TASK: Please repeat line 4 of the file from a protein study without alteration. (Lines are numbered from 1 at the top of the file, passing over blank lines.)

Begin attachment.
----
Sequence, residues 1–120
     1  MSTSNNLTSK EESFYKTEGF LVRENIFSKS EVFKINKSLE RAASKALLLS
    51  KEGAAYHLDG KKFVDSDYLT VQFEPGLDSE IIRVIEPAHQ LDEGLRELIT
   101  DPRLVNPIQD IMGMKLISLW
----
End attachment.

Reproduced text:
   101  DPRLVNPIQD IMGMKLISLW